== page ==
- The Washington Times - Friday, August 28, 2020

The Army must transform immediately to meet the new challenges of operating in an era of great-power competition against strengthening rivals like China or Russia, Gen. James C. McConville, the Army Chief of Staff, said Friday at this year’s National Guard Conference in Washington, D.C.

The kind of change he envisions can’t be accomplished through incremental improvements, Gen. McConville said.

“Only ‘transformational’ change will build the Army that we need for the future. Now is the time,” he said.

Part of the transformation means creating combat-ready units, such as the Multi Domain Task Force — which can combine elements such as electronic and cyber warfare along with precision artillery fire. Likewise vital to the Army’s mission, Security Force Assistance Brigades have been created to train, advise and assist troops of partner nations. There are currently six SFABs in the Army now.

“The future will be contested in all five domains — also in space and in cyber,” Gen. McConville said.



The Army also is changing how it identifies potential senior-level leaders, such as battalion commanders. Now, lieutenant colonels attend a five-day assessment to determine they are fit for command. In past years, a board selected the new commanders after reading their personnel files.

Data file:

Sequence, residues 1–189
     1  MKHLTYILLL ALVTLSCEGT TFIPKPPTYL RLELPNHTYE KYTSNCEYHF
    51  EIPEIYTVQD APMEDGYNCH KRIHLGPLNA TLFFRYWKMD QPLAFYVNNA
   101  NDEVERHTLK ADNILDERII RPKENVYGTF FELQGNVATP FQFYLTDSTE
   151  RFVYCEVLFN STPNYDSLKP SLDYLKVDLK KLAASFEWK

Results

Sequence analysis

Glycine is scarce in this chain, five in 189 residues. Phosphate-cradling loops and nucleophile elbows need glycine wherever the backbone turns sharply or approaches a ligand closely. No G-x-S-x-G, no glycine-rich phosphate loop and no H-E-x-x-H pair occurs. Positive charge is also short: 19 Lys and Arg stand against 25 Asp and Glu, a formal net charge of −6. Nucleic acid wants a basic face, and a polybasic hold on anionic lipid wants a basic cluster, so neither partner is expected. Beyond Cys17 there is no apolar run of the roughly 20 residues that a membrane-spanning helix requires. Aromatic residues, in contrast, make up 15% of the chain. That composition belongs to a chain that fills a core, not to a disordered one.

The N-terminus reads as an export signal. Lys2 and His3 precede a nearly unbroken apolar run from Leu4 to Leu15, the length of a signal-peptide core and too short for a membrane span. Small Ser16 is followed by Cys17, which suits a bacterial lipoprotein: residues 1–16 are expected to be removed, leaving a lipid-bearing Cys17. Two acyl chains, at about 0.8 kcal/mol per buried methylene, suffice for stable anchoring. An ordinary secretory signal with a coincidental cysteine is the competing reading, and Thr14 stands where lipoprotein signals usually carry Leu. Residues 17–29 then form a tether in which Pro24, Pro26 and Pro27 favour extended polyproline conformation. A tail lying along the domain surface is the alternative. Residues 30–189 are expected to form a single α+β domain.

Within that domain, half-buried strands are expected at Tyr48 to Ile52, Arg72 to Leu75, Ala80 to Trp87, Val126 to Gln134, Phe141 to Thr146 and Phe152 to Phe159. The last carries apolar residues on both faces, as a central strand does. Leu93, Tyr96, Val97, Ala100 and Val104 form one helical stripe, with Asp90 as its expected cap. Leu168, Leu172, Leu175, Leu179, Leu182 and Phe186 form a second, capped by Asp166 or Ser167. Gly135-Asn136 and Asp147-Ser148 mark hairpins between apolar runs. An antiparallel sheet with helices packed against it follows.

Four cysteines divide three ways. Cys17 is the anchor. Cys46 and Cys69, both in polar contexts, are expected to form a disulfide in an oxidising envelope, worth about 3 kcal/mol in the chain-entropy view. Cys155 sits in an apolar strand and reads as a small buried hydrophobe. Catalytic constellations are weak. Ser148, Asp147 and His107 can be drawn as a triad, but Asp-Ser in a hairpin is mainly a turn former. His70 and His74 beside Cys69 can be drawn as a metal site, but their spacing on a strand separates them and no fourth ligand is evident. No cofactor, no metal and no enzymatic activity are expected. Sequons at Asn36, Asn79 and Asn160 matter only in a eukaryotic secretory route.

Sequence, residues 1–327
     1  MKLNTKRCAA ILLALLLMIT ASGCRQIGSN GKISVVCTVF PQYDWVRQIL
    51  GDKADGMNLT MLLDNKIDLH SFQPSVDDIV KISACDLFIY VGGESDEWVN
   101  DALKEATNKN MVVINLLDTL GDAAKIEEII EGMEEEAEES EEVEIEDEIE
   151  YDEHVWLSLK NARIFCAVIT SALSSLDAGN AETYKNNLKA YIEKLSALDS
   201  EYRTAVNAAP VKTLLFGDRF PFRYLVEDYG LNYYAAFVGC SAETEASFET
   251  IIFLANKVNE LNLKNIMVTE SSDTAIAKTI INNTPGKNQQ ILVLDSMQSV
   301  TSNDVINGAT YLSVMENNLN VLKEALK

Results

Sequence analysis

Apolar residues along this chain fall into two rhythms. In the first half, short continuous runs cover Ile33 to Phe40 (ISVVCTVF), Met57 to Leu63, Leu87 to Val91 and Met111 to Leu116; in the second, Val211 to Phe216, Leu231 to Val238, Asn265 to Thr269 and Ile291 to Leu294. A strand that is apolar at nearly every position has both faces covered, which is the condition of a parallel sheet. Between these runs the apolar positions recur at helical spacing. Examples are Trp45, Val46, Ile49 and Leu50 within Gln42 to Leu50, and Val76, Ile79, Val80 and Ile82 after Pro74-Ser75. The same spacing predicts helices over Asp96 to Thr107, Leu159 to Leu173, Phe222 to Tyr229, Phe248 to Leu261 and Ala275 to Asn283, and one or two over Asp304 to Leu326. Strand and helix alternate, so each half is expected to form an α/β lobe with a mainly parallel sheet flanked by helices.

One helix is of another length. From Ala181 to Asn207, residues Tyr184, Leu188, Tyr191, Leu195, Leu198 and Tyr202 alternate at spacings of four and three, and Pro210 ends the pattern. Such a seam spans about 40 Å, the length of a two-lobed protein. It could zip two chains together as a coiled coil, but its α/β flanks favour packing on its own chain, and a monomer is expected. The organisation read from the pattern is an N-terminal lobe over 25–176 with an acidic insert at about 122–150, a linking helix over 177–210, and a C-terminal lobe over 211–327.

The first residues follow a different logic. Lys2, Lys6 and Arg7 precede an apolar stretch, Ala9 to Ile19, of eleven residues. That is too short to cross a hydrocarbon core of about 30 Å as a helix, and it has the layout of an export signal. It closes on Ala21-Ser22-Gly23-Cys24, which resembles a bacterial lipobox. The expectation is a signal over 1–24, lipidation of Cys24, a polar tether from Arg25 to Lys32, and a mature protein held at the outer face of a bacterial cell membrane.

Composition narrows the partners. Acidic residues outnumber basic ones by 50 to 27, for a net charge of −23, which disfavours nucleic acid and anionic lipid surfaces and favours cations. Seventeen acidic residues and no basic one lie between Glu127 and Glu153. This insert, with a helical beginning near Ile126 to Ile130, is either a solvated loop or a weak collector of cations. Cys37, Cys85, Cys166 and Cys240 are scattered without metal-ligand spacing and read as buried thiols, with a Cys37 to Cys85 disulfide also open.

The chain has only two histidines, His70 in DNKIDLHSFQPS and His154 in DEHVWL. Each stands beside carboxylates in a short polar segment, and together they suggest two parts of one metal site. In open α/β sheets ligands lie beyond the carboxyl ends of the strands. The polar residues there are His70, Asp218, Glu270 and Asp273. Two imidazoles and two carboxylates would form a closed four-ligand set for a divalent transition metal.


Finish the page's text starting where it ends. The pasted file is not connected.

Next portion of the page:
“We used to determine that in about 2 1/2 minutes. We’ve learned a lot,” Gen. McConville said.

The last time the Army went through such a significant change was during the years after the Vietnam War. The service fielded new weapon systems such as the M1 Abrams tank, the Bradley Fighting Vehicle and the Blackhawk helicopter. To counter a Warsaw Pact invasion of Western Europe, the Army adopted “AirLand Battle” — a concept of close coordination between aggressively maneuvering ground forces and air forces. It also set up major maneuver areas such as the National Training Center near Barstow, Calif.

But now it’s time to take the next step in evolving the Army’s fighting doctrine, Gen. McConville said.

“We’re now reaching the limits of the technology and designs we developed in the 1970s. The threats we face have changed,” he said.

• Mike Glenn can be reached at mglenn@washingtontimes.com.

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